As I have written previously, NorthStar Realty (NYSE:NRF) took a page from Altisource Residential Corporation (NYSE:RESI). It saw just how much massive value could be "created" just by spinning-off a management arm with a generous commission schedule, and tried to do the same.
It worked. NRF is up nearly 80% since announcing the move back in December 10, 2013. But our curiosity remained with whether we'd be able to pick up shares in this management arm on the cheap, once it was spun-off. This curiosity emerged from what happened with Altisource Asset Management Corporation (NYSEMKT:AAMC). After AAMC was spun-off, it started trading at $19, and went on to gain 4300% in just one year and a half.
No such luck
Today, as the NRF spin-off is starting to produce effects, I can already say that there's no such luck in this instance. If not fully priced, then the spun-off entity is close. The spin-off is somewhat confusing so let me explain why I say this. The process is as follows (Source: Company press release):
In connection with the Distribution, NorthStar Realty is conducting an internal corporate reorganization and a one-for-two reverse stock split of its common stock, pursuant to which NorthStar Realty will merge with and into its subsidiary, NRFC Sub-REIT Corp., and the survivor will be re-named NorthStar Realty Finance Corp, which will be the entity that effects the reverse stock split and the Distribution. In the Distribution, each NorthStar Realty common stockholder will receive shares of NSAM common stock on a one-for-one basis, after giving effect to the one-for-two reverse stock split.
- NRF will do a reverse split on a 1:2 basis. This means that NRF will have half its present number of shares after this step;
- NRF will split into 2 share classes: NRFC/the old NRF ex-the management arm and; NSAM, the management arm. Each of these classes will receive 1 share per each share held.
What this means is that the share count of NRFC plus NSAM will be the same as the share count of today's NRF. Also, given where the prospective stocks are already trading (NRFC is at $16.85, NSAM is at $18.85), this means NSAM is worth a bit over half of today's NRF's market capitalization.
So NSAM is trading at a market cap of around $3.4 billion, considering NRF's present market capitalization of $6.46 billion (Source: NRF website, given that there's been equity issuance since the last quarter).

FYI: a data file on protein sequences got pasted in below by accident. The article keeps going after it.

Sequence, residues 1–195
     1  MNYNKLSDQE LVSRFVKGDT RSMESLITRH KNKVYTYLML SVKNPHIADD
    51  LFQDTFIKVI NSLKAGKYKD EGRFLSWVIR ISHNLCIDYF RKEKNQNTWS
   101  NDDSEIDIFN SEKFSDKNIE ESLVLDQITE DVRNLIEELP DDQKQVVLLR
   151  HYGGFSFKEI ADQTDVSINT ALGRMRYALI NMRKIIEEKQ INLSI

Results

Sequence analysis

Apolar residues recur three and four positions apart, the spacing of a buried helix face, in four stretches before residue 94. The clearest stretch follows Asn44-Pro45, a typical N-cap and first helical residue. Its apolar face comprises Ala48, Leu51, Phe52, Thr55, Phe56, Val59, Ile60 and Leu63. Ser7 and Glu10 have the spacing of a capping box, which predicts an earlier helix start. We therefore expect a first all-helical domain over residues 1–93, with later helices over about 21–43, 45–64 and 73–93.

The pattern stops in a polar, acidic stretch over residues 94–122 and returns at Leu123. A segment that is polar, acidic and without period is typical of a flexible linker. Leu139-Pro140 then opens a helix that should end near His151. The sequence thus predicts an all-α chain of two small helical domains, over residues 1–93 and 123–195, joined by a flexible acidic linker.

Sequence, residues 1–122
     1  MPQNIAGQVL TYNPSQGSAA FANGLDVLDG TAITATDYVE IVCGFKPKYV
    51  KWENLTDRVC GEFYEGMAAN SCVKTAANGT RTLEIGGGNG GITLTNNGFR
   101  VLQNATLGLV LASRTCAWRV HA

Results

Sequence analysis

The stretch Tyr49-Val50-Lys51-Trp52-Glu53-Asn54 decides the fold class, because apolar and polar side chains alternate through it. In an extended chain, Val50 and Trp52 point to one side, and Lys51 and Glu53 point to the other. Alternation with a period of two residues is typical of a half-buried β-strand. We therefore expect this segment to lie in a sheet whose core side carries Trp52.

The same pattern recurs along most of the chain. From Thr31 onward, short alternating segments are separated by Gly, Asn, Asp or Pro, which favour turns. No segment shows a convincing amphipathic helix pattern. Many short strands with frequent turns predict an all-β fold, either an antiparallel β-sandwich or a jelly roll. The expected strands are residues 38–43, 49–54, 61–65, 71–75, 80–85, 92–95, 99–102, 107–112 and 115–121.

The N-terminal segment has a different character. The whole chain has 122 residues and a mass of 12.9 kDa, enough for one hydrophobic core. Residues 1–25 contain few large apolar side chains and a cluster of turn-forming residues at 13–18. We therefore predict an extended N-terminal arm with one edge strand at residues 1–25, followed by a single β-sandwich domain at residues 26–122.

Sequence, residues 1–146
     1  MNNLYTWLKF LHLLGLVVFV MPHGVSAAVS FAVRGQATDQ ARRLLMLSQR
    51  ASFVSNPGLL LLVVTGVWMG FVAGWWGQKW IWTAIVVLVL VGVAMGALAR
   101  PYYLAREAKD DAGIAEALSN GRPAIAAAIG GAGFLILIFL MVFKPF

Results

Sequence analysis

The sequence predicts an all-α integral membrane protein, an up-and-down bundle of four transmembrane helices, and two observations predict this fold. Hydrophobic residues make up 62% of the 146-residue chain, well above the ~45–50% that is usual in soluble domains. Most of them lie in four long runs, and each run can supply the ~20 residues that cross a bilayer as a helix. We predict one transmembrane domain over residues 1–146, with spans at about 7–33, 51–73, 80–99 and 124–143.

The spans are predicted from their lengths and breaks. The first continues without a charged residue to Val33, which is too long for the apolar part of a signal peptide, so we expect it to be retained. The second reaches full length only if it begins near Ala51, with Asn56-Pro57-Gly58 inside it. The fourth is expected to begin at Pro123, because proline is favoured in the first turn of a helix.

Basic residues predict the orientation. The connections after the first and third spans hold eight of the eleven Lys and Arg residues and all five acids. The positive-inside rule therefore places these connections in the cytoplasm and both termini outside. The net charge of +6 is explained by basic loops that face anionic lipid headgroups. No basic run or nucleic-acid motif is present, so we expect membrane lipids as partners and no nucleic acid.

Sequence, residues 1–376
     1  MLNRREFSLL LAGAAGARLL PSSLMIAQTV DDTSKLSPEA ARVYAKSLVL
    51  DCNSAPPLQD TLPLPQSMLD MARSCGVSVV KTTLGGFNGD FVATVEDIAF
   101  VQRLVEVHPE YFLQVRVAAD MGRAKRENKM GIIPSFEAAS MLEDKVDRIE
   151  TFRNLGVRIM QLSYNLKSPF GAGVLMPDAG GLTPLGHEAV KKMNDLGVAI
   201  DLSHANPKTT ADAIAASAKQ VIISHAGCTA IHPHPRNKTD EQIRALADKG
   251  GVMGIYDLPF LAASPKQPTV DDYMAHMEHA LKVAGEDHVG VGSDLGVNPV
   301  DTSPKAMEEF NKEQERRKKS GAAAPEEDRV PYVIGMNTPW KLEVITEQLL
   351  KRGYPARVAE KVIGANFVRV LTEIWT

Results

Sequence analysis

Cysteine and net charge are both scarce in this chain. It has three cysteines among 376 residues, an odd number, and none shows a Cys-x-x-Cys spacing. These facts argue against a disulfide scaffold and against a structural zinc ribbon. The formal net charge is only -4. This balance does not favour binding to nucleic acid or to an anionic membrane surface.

$3.4 billion is not any kind of massive bargain - when AAMC started trading, at $19, it had a market capitalization of barely $43 million - it was undiscovered, the market didn't comprehend right away what it meant to hold shares on that entity. Not so now, given AAMC's performance the market was not caught unaware with NSAM, so the result is that there's no bargain to be had.
NSAM is already trading a bit above the rest of NRF's assets (NRFC). It's already replicating something which happened with AAMC as well. It trades at a premium, because holders of the stock expect it to gain from further NRFC equity issuance, much like holders of AAMC expect to gain from further RESI equity issuance.
Indeed, as per NRF's presentation the new entity stands to gain directly from NRFC issuing equity, as can be seen here (Source: Company presentation)
However, one should also notice that the variable fee is significantly lower than what AAMC is entitled to. This, too, gains from NRFC issuing equity, but the gains are capped at 25% of the cash available for distribution, against 50% over at AAMC.
Overall, NSAM is more overvalued than AAMC is
Contrary to our expectation that NSAM could come up as a bargain, it seems that NSAM is even more generously valued versus NRF than AAMC was versus RESI.
It could be argued that NSAM ought to trade lower versus NRFC than the relationship between AAMC and RESI. AAMC trades at 122% of the market capitalization of RESI, and presently the relationship between NSAM and NRFC is at 112%, so it's very close. Due to this it would seem to me that NSAM, instead of being some obvious bargain, is already fully priced or worse.
Instead of coming off as a massive bargain, the spun-off entity from NRF actually seems fully priced or even overpriced, given that its commission structure is not as favorable as AAMC's.
Either way, the spun-off management arm, NSAM, is no massive bargain.
Disclosure: The author has no positions in any stocks mentioned, and no plans to initiate any positions within the next 72 hours. The author wrote this article themselves, and it expresses their own opinions. The author is not receiving compensation for it (other than from Seeking Alpha). The author has no business relationship with any company whose stock is mentioned in this article.